The International Olympic Committee (IOC) has been accused of failing to investigate labour and safety violations after a report exposed low pay, overwork and poor treatment, with three workers dying so far.
The report, published by Building and Wood Workers International (BWI), raised its concerns to the IOC as there is mounting pressure for the venues to be completed in time for the start of the 2020 Tokyo Olympics on 24th July 2020, which they warn could lead to more deaths. BWI has previously inspected the working conditions on stadiums being built for the 2018 FIFA World Cup in Russia and also the 2022 Qatar World Cup, with there being many work-related deaths due to the poor working conditions in Qatar.
The BWI says that no action has been taken whatsoever in an attempt to address the human rights abuses that they say are taking place on a daily basis whilst the venues rush to be completed. It was found that some workers had worked 28 days in a row with one worker who committed suicide having logged over 190 hours of overtime during a one-month period and also recorded over 160 hours in the month prior to his death.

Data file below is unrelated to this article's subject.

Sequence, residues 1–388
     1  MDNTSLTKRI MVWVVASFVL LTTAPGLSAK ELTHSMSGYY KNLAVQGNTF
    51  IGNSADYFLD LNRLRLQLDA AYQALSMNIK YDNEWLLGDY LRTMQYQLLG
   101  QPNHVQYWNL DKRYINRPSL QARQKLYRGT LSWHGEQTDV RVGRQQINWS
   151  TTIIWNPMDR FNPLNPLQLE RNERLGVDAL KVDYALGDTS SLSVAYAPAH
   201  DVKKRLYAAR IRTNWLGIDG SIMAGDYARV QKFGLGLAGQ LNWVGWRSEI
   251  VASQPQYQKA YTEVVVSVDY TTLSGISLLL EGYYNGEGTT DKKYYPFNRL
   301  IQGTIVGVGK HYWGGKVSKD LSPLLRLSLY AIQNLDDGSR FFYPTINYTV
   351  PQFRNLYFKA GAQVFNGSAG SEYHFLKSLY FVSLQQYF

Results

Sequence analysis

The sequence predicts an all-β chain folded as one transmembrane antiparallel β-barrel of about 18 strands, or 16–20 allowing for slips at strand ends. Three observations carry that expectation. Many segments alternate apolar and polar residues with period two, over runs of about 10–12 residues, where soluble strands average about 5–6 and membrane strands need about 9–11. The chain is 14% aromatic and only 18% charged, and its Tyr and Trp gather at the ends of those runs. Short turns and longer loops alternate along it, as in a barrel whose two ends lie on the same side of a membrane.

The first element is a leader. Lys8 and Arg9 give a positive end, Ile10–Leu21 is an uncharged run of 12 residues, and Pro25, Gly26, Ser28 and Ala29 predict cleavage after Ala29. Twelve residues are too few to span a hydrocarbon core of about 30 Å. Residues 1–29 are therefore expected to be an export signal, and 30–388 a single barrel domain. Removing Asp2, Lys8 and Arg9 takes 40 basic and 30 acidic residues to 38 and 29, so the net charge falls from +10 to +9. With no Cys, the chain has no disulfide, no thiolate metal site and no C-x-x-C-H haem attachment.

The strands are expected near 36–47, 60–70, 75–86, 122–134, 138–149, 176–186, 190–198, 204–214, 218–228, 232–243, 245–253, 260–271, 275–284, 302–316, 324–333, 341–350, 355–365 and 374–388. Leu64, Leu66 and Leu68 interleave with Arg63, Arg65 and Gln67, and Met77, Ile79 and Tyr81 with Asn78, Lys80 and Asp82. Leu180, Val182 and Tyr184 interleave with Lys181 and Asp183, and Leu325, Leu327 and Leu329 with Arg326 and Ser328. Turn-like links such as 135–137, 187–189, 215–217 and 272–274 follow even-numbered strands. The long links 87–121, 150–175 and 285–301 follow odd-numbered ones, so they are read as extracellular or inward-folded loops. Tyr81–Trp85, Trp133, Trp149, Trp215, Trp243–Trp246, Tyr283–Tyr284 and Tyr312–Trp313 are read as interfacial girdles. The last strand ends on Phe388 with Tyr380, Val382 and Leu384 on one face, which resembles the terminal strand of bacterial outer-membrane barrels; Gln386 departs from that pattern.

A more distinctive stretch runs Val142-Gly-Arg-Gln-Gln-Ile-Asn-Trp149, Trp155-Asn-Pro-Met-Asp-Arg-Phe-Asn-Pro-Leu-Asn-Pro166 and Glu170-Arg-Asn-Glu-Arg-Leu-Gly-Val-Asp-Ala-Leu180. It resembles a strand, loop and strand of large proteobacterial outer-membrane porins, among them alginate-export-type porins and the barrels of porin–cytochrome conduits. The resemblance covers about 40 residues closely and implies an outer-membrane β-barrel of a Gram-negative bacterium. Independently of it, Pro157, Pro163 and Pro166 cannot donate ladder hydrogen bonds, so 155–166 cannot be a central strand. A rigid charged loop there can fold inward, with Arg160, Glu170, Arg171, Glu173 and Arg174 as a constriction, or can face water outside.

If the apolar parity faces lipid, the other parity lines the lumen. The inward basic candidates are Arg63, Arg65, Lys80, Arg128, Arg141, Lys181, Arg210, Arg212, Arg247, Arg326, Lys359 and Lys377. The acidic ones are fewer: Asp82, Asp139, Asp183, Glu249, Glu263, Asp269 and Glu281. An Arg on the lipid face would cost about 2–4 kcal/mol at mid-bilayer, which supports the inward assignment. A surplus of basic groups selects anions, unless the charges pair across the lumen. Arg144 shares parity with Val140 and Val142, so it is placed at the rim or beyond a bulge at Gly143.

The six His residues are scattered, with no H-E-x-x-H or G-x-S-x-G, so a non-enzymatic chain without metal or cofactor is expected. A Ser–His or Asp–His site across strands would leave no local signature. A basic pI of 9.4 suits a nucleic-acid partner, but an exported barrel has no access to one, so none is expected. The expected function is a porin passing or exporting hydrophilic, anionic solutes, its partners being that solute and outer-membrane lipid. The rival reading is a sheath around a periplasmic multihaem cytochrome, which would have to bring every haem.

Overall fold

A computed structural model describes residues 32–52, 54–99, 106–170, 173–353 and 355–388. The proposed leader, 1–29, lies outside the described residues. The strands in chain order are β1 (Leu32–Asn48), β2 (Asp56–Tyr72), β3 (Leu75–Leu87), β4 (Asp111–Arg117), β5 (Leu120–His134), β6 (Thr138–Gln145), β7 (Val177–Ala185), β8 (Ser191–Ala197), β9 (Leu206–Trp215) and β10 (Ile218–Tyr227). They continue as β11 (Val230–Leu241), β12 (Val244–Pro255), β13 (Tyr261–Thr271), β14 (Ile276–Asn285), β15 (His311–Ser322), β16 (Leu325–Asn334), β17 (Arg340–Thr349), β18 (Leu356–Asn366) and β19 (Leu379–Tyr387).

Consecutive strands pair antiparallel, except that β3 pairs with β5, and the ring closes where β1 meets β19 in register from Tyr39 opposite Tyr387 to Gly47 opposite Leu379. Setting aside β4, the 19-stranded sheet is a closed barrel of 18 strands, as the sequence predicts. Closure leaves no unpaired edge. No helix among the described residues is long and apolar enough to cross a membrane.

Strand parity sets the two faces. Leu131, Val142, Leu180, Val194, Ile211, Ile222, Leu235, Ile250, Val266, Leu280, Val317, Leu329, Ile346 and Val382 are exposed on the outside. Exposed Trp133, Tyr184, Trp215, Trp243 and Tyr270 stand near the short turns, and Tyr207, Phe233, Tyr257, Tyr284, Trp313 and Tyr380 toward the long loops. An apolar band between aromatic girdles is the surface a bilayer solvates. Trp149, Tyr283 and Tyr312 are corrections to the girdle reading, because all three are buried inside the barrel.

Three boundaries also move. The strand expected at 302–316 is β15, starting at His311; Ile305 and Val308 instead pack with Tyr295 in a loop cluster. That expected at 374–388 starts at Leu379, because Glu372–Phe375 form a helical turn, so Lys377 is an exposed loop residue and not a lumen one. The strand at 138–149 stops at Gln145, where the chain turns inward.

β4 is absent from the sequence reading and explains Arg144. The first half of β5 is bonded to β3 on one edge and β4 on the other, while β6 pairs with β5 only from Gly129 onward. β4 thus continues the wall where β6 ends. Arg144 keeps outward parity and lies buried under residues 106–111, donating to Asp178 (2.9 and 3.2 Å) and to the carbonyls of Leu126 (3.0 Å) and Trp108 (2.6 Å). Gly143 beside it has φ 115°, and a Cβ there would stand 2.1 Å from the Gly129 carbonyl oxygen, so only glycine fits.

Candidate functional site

The construction of venues was delayed due to spiralling costs and design changes which has resulted in thousands working relentlessly in order to ensure that the projects are complete on time but the CEO of the Centre for Sport and Human Rights says “the heat of the summer months is upon us while construction deadlines are trying to be met. Someone dying or committing suicide shouldn’t be acceptable to anyone.”
This is not the first issue to hit the organisation of the Tokyo Olympics as in December 2019 asbestos was found in the venue that will host the water polo competition and there have also been concerns over the high levels of bacteria within the countries water.
In response to the BWI the IOC has said “the IOC takes these issues very seriously and had agreed with the International Labour Organization (ILO) that they would take the lead on this issue. Please rest assured that the IOC is committed to ensure a smooth, sustainable, and rights-respecting preparation and staging of the Olympic Games Tokyo 2020 and will take all actions which are part of its responsibility.” The Tokyo 2020 Organising Committee also commented “the health and safety of everyone involved in the preparation and delivery of the Tokyo 2020 Games is of utmost importance to the Tokyo 2020 Organising Committee and it is simply not accurate to imply that Tokyo 2020 has ignored the BWI or rejected their proposals. Tokyo 2020 will continue to stay in communication with the BWI going forward. We are optimistic for a satisfactory outcome.”